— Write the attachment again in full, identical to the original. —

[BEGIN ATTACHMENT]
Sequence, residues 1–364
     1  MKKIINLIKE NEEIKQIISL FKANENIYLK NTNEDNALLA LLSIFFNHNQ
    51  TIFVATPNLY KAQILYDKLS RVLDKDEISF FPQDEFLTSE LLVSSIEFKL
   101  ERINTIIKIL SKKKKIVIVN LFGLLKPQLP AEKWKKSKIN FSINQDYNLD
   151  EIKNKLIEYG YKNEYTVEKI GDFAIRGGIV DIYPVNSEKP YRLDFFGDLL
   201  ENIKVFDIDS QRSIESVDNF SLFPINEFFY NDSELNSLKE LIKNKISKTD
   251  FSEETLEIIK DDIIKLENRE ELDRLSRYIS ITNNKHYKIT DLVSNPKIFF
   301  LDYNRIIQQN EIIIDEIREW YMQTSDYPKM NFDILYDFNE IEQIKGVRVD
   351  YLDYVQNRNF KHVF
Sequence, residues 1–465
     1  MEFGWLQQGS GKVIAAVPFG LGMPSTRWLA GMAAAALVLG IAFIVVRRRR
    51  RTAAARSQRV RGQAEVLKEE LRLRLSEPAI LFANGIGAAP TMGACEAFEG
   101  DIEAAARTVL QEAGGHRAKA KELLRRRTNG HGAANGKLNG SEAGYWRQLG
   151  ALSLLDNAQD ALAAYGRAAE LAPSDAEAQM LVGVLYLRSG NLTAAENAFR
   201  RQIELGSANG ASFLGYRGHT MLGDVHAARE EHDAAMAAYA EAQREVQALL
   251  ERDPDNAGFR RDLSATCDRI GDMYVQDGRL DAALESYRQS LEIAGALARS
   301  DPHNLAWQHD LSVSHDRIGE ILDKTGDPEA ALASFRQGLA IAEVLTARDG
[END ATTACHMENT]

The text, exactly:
Sequence, residues 1–364
     1  MKKIINLIKE NEEIKQIISL FKANENIYLK NTNEDNALLA LLSIFFNHNQ
    51  TIFVATPNLY KAQILYDKLS RVLDKDEISF FPQDEFLTSE LLVSSIEFKL
   101  ERINTIIKIL SKKKKIVIVN LFGLLKPQLP AEKWKKSKIN FSINQDYNLD
   151  EIKNKLIEYG YKNEYTVEKI GDFAIRGGIV DIYPVNSEKP YRLDFFGDLL
   201  ENIKVFDIDS QRSIESVDNF SLFPINEFFY NDSELNSLKE LIKNKISKTD
   251  FSEETLEIIK DDIIKLENRE ELDRLSRYIS ITNNKHYKIT DLVSNPKIFF
   301  LDYNRIIQQN EIIIDEIREW YMQTSDYPKM NFDILYDFNE IEQIKGVRVD
   351  YLDYVQNRNF KHVF
Sequence, residues 1–465
     1  MEFGWLQQGS GKVIAAVPFG LGMPSTRWLA GMAAAALVLG IAFIVVRRRR
    51  RTAAARSQRV RGQAEVLKEE LRLRLSEPAI LFANGIGAAP TMGACEAFEG
   101  DIEAAARTVL QEAGGHRAKA KELLRRRTNG HGAANGKLNG SEAGYWRQLG
   151  ALSLLDNAQD ALAAYGRAAE LAPSDAEAQM LVGVLYLRSG NLTAAENAFR
   201  RQIELGSANG ASFLGYRGHT MLGDVHAARE EHDAAMAAYA EAQREVQALL
   251  ERDPDNAGFR RDLSATCDRI GDMYVQDGRL DAALESYRQS LEIAGALARS
   301  DPHNLAWQHD LSVSHDRIGE ILDKTGDPEA ALASFRQGLA IAEVLTARDG